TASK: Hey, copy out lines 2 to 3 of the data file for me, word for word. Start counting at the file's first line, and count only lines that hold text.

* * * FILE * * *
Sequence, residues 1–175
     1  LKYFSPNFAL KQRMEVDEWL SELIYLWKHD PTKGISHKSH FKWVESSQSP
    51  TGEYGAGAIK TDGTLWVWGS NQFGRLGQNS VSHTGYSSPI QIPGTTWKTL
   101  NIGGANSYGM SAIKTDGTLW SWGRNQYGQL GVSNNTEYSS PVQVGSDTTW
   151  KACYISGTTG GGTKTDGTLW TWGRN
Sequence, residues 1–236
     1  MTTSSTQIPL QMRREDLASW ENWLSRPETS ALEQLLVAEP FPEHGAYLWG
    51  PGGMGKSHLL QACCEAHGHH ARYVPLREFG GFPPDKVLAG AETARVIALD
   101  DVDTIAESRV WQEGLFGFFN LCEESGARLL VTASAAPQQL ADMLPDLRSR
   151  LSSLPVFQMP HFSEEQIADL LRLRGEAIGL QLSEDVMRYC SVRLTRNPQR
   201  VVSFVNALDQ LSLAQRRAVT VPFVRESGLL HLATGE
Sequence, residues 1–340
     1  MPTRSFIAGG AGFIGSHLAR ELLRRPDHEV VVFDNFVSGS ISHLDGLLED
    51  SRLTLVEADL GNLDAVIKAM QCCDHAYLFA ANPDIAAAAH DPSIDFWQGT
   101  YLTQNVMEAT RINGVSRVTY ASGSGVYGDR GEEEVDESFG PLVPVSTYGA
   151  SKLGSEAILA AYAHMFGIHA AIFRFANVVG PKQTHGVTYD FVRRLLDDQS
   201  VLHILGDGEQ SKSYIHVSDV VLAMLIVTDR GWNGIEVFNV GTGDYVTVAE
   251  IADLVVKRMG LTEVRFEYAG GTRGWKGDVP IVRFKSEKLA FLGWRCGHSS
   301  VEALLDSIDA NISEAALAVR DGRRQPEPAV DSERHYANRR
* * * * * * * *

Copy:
     1  LKYFSPNFAL KQRMEVDEWL SELIYLWKHD PTKGISHKSH FKWVESSQSP
    51  TGEYGAGAIK TDGTLWVWGS NQFGRLGQNS VSHTGYSSPI QIPGTTWKTL